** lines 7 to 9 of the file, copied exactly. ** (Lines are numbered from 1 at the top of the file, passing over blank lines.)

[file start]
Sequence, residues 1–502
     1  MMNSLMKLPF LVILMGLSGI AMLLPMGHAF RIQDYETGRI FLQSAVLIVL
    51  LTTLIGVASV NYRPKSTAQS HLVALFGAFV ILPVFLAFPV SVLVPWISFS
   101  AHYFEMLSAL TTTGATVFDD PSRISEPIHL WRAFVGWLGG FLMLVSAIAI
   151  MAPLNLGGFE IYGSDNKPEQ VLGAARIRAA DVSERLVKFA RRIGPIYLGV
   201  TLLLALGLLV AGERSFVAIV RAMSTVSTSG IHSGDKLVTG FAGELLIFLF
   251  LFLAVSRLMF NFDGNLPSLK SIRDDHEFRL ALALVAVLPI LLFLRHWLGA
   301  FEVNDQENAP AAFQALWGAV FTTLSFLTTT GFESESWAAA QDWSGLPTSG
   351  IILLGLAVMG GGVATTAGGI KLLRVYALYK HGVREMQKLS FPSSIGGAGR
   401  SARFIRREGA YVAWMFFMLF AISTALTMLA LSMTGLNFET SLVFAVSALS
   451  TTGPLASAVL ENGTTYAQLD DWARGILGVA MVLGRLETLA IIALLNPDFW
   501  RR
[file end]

   251  LFLAVSRLMF NFDGNLPSLK SIRDDHEFRL ALALVAVLPI LLFLRHWLGA
   301  FEVNDQENAP AAFQALWGAV FTTLSFLTTT GFESESWAAA QDWSGLPTSG
   351  IILLGLAVMG GGVATTAGGI KLLRVYALYK HGVREMQKLS FPSSIGGAGR